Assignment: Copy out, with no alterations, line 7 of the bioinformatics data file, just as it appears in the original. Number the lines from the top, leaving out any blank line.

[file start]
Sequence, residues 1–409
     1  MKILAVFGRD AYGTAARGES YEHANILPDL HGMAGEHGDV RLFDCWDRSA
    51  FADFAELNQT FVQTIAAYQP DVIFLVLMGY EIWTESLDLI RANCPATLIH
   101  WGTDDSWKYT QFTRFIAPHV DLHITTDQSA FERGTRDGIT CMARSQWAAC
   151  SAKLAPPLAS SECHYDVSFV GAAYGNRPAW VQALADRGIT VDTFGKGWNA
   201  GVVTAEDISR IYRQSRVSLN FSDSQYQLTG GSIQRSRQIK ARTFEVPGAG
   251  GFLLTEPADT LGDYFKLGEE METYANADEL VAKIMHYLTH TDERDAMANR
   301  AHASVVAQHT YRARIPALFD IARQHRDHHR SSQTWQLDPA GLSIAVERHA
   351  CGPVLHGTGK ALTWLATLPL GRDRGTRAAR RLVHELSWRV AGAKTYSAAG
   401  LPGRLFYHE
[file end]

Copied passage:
   251  GFLLTEPADT LGDYFKLGEE METYANADEL VAKIMHYLTH TDERDAMANR